Bladder/Urinary Problems

Urinary Retention

Urinary Retention can occur for many reasons. If you cannot pass urine, it can cause severe abdominal, pelvic and back pain.

Many times this is an emergency situation and needs to be treated by having a urethral catheter inserted. The catheter may be left in place to allow for constant urine drainage.

You also may have urinary retention in a much less serious situation, for example if you do not fully empty your bladder when you urinate. If you may have this type of urinary retention, your physician may have you go to the bathroom, and then will do a bladder scan (similar to an ultrasound) to see if there is any residual urine in your bladder. It can be treated with medicine, biofeedback or, in severe cases, Interstim

Urinary Incontinence (Male and Female)

Urinary incontinence is the inability to hold your urine in your bladder. This can happen to men and women, although women are more likely to develop it. It is a common condition. There are several causes for incontinence and many ways to treat it.

Incontinence can become severe enough that it can impact your daily life. Many people find that they stop being as physically active, they stop traveling or being social, some have intimacy issues with their significant other, and even some note they have issues with their professional life.

There are many treatments available to lessen, if not cure, this problem. Talk to your physician and get the help you need.

There are four types of incontinence:

  • Stress. This is unintentional leaking when putting pressure on the bladder by picking up something heavy, exercising, changing positions, coughing, sneezing or laughing.
  • Urge. This is when you feel you have to urinate, make the choice to head to the restroom, and on the way you leak urine. Rarely can these patients make it to the restroom quickly enough without leaking urine.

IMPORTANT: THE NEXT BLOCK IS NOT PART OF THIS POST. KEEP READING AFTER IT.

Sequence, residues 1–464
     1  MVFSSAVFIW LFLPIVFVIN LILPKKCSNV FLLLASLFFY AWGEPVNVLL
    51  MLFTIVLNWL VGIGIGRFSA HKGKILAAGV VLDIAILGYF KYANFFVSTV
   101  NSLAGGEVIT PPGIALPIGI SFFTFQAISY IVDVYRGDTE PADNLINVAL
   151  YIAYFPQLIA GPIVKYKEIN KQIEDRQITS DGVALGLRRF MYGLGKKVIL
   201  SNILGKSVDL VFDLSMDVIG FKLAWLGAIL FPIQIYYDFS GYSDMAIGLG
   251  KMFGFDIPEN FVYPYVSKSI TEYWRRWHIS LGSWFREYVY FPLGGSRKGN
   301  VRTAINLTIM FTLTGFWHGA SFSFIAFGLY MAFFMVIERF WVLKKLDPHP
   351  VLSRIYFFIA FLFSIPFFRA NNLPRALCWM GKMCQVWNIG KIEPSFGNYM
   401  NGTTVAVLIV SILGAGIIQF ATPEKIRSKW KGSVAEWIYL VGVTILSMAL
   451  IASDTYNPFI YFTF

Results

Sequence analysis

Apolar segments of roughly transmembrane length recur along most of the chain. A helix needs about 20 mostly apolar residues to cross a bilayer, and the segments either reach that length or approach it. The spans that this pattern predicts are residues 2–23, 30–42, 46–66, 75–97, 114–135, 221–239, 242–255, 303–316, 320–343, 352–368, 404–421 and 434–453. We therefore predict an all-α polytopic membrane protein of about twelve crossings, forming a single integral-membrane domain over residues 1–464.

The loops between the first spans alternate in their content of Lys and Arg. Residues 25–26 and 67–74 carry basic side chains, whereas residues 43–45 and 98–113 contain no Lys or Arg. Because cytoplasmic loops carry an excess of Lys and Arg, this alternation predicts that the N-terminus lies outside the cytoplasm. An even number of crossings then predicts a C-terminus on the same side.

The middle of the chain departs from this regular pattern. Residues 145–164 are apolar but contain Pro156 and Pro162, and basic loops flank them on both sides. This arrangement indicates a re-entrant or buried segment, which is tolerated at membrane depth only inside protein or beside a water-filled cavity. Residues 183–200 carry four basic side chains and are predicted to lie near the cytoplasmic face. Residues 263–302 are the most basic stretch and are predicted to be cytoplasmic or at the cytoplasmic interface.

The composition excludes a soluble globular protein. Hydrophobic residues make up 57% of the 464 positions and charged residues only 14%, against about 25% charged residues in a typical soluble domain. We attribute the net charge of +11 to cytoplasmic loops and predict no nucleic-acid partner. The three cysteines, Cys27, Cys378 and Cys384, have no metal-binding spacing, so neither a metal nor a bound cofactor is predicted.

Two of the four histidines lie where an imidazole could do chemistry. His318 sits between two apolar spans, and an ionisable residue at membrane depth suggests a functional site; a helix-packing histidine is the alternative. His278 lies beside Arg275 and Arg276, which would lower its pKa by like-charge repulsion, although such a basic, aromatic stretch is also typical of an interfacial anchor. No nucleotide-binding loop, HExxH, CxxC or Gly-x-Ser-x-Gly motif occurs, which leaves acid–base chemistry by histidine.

• Mixed. This is a combination of stress and urge. This can occur due to the bladder being unable to hold the volume of urine your body produces.
  • Overflow. This is leaking that results due to a bladder that never completely empties. There can be multiple reasons this happens.

Treatment options at Memorial

Kegel Exercises

Kegel exercises are exercises of the pelvic floor muscles. These can be done anywhere at anytime. These exercises are generally recommended prior to any medical or surgical intervention.

Biofeedback of the Pelvic Floor Muscles

This therapy teaches patients how to strengthen and relax the pelvic floor muscles. There are electronic and mechanical measuring devices that help a patient visualize how these muscles are responding to their mental signals. The contraction and relaxation phases are graphed on a computer screen in real time. Usually, biofeedback is done once a week for a six- to eight-week treatment plan, with home exercises.

InterStim Therapy

Interstim is a first and second phase nerve stimulation therapy for bladder disorders and pelvic pain. It is an FDA-approved procedure, which has been shown to help women with urinary retention and overactive bladder. Learn more about Interstim.

TVT (transvaginal tape) Sling

TVT (transvaginal tape) sling is a treatment that may be recommended by your physician to treat stress incontinence with a minimally invasive outpatient procedure.

The TVT procedure is done under general anesthesia, and you will also be given local numbing medication. It takes around 30 minutes. Recovery is around two to six weeks, and usually the incontinence is either gone or much less severe after the TVT sling is in place. Pain after the procedure is minimal.

Single Incision Sling

A single incision sling is a treatment that can be recommended by your physician to treat stress incontinence. It only requires your provider to make a 1.5-centimeter vaginal incision to insert the sling under the urethra. There are no external incisions. The limited incision can potentially decrease pain and post-procedure recovery time.

Most patients can return to work within a few days, with a restriction on lifting and intercourse for four to six weeks. As with all treatment plans, your physician should discuss with you the most appropriate treatment plan for your situation.